Partners Baxalta and Momenta Pharmaceuticals are setting sights on the world's top-selling drug with a biosimilar of their own, moving into Phase III with a copy of AbbVie's cornerstone medicine.
Galapagos is looking to bounce back quickly from AbbVie's decision to walk away from their rheumatoid arthritis alliance. The aim is to have a new partnership deal in place by the end of the year, giving Galapagos the support it needs to go head-to-head with ally-turned-rival AbbVie in the scrap for the rheumatoid arthritis market.
As signaled in the second-quarter earnings call, AbbVie's received approval in Japan for Viekirax, the oral interferon- and ribavirin-free combination therapy for hepatitis C, establishing an important beachhead for the company in Asia's top reimbursement market.
AbbVie is backing out of a roughly $1.4 billion deal with Galapagos, picking an internal rheumatoid arthritis treatment over the one it licensed from the Belgian biotech.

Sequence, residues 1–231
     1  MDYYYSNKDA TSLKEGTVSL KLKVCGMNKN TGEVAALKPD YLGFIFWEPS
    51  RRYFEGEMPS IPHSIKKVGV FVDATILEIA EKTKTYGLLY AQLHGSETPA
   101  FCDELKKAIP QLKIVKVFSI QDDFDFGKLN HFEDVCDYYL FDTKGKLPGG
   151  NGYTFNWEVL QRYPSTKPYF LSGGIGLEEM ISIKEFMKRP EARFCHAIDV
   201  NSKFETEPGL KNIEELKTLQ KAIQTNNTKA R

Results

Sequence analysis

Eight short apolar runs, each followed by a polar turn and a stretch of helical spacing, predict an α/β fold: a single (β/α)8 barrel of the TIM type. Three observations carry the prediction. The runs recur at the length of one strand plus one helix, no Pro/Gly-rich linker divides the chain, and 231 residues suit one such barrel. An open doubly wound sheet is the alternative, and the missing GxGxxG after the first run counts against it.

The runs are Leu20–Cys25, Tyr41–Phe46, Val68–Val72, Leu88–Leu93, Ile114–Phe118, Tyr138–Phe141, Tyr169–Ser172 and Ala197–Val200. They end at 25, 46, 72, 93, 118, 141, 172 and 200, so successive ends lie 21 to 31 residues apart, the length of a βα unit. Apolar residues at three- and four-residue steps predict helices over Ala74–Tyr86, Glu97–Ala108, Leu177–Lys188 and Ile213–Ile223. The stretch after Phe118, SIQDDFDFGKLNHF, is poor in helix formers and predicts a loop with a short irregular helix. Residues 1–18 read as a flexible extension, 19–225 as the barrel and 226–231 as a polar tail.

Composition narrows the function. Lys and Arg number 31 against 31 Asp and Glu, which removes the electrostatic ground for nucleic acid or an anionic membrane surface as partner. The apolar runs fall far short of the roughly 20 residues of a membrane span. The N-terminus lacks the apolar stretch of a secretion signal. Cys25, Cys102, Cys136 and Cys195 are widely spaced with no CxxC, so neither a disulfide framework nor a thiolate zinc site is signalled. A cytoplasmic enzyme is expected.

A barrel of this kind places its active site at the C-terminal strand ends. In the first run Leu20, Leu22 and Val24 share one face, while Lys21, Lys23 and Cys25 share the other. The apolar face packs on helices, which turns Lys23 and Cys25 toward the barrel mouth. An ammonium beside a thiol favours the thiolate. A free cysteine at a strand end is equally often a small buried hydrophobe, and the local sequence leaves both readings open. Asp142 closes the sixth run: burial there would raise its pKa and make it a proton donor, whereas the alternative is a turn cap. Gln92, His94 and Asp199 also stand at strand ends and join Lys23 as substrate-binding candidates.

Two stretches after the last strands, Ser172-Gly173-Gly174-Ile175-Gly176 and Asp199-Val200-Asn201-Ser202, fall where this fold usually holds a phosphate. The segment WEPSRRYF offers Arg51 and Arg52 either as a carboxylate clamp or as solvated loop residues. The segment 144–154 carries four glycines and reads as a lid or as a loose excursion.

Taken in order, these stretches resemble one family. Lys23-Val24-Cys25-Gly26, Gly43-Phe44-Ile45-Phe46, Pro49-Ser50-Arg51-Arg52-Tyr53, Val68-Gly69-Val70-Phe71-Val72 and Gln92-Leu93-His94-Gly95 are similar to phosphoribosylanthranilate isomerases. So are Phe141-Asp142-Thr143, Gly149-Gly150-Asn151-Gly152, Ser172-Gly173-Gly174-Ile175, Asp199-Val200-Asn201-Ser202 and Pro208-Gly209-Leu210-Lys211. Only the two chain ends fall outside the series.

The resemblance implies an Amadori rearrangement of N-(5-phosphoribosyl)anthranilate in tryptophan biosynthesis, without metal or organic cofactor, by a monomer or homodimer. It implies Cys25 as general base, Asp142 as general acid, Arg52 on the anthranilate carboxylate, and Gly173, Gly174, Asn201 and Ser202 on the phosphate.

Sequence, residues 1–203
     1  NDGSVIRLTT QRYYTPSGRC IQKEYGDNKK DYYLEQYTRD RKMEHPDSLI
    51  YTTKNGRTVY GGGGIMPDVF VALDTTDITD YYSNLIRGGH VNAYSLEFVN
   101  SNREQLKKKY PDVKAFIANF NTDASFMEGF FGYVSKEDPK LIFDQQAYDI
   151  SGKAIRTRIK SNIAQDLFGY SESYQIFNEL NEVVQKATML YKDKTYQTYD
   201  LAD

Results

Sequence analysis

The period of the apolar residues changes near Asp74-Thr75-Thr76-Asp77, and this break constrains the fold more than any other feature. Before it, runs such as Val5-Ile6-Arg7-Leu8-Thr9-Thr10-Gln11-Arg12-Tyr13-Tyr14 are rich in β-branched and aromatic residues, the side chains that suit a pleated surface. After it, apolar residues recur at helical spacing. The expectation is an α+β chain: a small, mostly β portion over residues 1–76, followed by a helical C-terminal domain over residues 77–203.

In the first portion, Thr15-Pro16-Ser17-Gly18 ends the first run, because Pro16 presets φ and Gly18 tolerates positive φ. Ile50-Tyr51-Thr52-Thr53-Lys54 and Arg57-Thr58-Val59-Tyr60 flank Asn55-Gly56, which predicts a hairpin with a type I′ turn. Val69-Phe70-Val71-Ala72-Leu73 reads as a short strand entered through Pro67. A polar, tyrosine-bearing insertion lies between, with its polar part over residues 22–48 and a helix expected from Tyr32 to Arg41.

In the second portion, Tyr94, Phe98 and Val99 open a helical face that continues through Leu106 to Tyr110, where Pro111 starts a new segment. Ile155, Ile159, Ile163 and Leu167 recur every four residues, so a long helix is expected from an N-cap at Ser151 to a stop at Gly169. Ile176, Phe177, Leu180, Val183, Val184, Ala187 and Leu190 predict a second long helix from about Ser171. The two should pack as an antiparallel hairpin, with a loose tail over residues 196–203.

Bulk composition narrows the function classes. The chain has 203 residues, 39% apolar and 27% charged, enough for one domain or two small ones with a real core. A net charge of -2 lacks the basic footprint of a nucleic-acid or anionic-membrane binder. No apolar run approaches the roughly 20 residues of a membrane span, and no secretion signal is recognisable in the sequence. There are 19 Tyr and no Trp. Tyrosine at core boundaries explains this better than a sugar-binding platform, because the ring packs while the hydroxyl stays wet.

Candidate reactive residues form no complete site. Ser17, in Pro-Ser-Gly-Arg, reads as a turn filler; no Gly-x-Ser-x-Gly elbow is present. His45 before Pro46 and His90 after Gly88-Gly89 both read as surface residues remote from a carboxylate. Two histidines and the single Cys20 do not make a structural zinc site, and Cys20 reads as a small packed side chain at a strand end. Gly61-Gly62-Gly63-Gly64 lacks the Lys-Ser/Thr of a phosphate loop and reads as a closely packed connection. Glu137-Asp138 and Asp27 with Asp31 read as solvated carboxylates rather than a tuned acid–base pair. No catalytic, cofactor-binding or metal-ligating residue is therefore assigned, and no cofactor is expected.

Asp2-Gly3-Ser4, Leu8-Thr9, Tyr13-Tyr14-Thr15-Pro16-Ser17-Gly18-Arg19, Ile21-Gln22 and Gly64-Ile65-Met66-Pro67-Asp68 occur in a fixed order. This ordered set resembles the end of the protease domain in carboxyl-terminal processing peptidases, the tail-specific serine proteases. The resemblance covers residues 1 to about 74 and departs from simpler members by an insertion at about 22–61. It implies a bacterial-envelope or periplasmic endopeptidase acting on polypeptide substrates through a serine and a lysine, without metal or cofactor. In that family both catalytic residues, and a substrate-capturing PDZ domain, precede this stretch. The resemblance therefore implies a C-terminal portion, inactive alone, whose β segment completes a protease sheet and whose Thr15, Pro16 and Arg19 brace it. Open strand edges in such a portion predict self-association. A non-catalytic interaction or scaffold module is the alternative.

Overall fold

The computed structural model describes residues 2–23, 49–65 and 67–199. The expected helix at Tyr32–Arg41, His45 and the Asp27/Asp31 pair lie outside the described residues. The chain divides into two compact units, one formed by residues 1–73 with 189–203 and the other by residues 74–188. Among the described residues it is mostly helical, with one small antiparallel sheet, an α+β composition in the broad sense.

Some industry watchers foresee biosimilars gutting Humira sales not too far into the future, though maker AbbVie disagrees.
Some industry-watchers foresee biosimilars gutting Humira sales not too far into the future, though maker AbbVie disagrees. If that scenario does play out, though? The Illinois pharma has room to pare down its marketing expenses, according to one analyst.
AbbVie could use some M&A to help it diversify beyond best-seller Humira, a popular biosimilar target. And that's something its newest hire knows a thing or two about.
AbbVie and Johnson & Johnson are one step closer to a new use for Imbruvica. The companies went to the FDA with an app for first-line use in chronic lymphocytic leukemia (CLL), in a march toward a set of new indications the companies will need to hit their ambitious goals for the med.
AbbVie wants to get the most that it can out of blockbuster Humira before biosimilars in the U.S. and Europe come knocking. Part of that plan involves expanding the drug's label, and the Illinois pharma recently notched a win as the FDA approved Humira to treat a rare inflammatory skin disease.
A new drug for blood cancer from Bristol-Myers Squibb and AbbVie is on the fast track to FDA approval, winning a priority review to treat multiple myeloma.